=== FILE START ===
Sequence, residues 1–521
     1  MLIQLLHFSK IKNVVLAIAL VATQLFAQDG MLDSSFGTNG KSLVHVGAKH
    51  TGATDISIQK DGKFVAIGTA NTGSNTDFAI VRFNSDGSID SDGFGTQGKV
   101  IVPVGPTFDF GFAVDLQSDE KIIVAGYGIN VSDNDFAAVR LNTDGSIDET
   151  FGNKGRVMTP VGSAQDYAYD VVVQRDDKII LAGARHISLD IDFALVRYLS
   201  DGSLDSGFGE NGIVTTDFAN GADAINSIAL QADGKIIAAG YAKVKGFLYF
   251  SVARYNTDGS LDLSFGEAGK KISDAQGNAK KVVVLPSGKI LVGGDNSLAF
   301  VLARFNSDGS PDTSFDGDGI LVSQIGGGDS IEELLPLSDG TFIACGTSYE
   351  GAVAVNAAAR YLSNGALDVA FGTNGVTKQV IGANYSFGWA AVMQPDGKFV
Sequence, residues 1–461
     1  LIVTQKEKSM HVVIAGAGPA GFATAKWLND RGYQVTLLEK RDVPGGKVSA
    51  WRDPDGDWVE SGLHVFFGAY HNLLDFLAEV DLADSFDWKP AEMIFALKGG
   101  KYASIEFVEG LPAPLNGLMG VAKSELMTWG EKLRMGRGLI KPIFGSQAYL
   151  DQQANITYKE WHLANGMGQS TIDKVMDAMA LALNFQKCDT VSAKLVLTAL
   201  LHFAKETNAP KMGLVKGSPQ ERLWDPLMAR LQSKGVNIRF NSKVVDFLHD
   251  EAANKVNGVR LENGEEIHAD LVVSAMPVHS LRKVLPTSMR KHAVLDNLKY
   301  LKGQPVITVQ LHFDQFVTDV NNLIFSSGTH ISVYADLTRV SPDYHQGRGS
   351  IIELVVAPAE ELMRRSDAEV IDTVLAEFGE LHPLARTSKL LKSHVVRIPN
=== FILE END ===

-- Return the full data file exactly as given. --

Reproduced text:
Sequence, residues 1–521
     1  MLIQLLHFSK IKNVVLAIAL VATQLFAQDG MLDSSFGTNG KSLVHVGAKH
    51  TGATDISIQK DGKFVAIGTA NTGSNTDFAI VRFNSDGSID SDGFGTQGKV
   101  IVPVGPTFDF GFAVDLQSDE KIIVAGYGIN VSDNDFAAVR LNTDGSIDET
   151  FGNKGRVMTP VGSAQDYAYD VVVQRDDKII LAGARHISLD IDFALVRYLS
   201  DGSLDSGFGE NGIVTTDFAN GADAINSIAL QADGKIIAAG YAKVKGFLYF
   251  SVARYNTDGS LDLSFGEAGK KISDAQGNAK KVVVLPSGKI LVGGDNSLAF
   301  VLARFNSDGS PDTSFDGDGI LVSQIGGGDS IEELLPLSDG TFIACGTSYE
   351  GAVAVNAAAR YLSNGALDVA FGTNGVTKQV IGANYSFGWA AVMQPDGKFV
Sequence, residues 1–461
     1  LIVTQKEKSM HVVIAGAGPA GFATAKWLND RGYQVTLLEK RDVPGGKVSA
    51  WRDPDGDWVE SGLHVFFGAY HNLLDFLAEV DLADSFDWKP AEMIFALKGG
   101  KYASIEFVEG LPAPLNGLMG VAKSELMTWG EKLRMGRGLI KPIFGSQAYL
   151  DQQANITYKE WHLANGMGQS TIDKVMDAMA LALNFQKCDT VSAKLVLTAL
   201  LHFAKETNAP KMGLVKGSPQ ERLWDPLMAR LQSKGVNIRF NSKVVDFLHD
   251  EAANKVNGVR LENGEEIHAD LVVSAMPVHS LRKVLPTSMR KHAVLDNLKY
   301  LKGQPVITVQ LHFDQFVTDV NNLIFSSGTH ISVYADLTRV SPDYHQGRGS
   351  IIELVVAPAE ELMRRSDAEV IDTVLAEFGE LHPLARTSKL LKSHVVRIPN